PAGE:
Jeff Smith gets chance to don uniform for team that drafted him
By J. Scott Butherus
Special to MLB.com |
FORT MYERS, Fla. -- Jeff Smith has dreamed about reaching the Major Leagues since he was drafted by the Minnesota Twins in 1995.
"I've been a Minnesota Twin for almost half my life," Smith said. "I bleed Minnesota Twins."
Over two decades after being drafted, Smith, 42, will walk out onto the field this season in a big league uniform. Granted, it won't be the way he first envisioned it, but after falling just short as a player he is ready to make his big league debut in another capacity. Smith will be a member of the Twins' Major League staff this season.
"It's been a long journey," Smith said. "But I wouldn't change it for the world."
After being selected in the 20th round of the 1995 Draft out of Stetson University, Smith was part of a crop of young Minor Leaguers in the Twins' organization that included David Ortiz, Torii Hunter, Corey Koskie, Jacque Jones, Doug Mientkiewicz, and A.J. Pierzynski. That group ended up being the nucleus of a team that reached the postseason six times between 2002 and 2010.
Smith, a catcher, never got his chance to join them. He made it all the way to Triple-A before suffering a series of knee injuries. In 658 Minor League games, Smith batted .282 with 44 home runs and 285 RBIs. He never did get to make his Major League debut.
When the injuries put an end to his playing career, Smith began his coaching career with the Gulf Coast League Twins in 2005. After a season in Beloit, Wis., Smith was promoted to manager of the Fort Myers Miracle, where he won the Florida State League Manager of the Year award in 2009. He was promoted to the team's Double-A affiliate in New Britain for the next five seasons before returning to the Miracle in 2015 for two seasons.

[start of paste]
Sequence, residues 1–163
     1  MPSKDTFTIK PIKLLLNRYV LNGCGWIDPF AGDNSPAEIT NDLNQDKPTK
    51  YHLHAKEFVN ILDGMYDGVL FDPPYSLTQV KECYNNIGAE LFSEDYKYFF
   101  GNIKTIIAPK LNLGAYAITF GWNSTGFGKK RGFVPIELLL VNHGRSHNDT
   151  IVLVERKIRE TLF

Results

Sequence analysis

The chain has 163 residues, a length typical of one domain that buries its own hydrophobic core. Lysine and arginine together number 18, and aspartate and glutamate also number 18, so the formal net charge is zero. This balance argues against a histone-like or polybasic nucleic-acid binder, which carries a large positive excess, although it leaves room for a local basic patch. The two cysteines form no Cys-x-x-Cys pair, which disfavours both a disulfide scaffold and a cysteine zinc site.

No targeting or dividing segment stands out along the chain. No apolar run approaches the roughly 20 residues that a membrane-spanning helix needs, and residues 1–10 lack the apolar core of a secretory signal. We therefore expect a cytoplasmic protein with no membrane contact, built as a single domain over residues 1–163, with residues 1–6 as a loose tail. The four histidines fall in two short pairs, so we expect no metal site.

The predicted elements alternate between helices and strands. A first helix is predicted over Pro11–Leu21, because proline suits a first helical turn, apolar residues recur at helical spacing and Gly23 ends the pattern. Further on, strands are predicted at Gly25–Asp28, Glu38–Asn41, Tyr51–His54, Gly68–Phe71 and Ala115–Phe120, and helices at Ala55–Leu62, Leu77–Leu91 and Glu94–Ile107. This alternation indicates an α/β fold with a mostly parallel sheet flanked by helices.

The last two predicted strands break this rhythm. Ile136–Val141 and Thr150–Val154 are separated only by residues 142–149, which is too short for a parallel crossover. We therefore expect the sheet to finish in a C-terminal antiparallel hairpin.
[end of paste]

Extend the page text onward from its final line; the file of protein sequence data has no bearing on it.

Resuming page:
Smith, who was also a finalist for the head coaching position at his alma mater, Stetson, this winter, was promoted to the Twins' first-base coaching job this spring.
"It was a combination of the fit -- even though he wasn't your prototypical first-base coach -- and his ability to help out with the catching duties that I thought would make him valuable," Twins manager Paul Molitor said. "I've always been impressed from my time in player development, when I went to his clubs, with his preparation and his thoughtfulness. He certainly improved tremendously in his ability to teach and coach, and to handle personalities."
As well as being what Molitor referred to as a "good soldier" for the organization, Smith brings a familiarity with many of the younger players in the clubhouse, having coached many of them at some point in their Minor League careers.
"I've had a lot of these guys at multiple stages in their career whether it was Beloit, Fort Myers, in the instructional leagues or from when I go down to the Dominican," Smith said. "I think the big thing is relationships and not just on the field. I know about their families and who they are as a person. I'll continue to let those relations grow."
The only downside for Smith, who grew up in nearby Naples, Fla., and still lives there with his family, will be having to leave southwest Florida once spring camps break for the first time in three seasons.
"When this job was offered I talked to my wife and she looked me right in the eye and told me, 'You've worked your butt off for this for 20 years. You better take it and do your best and enjoy it,'" Smith said.
It is, after all, something he has dreamed about for a very long time.
J. Scott Butherus is a contributor to MLB.com. This story was not subject to the approval of Major League Baseball or its clubs.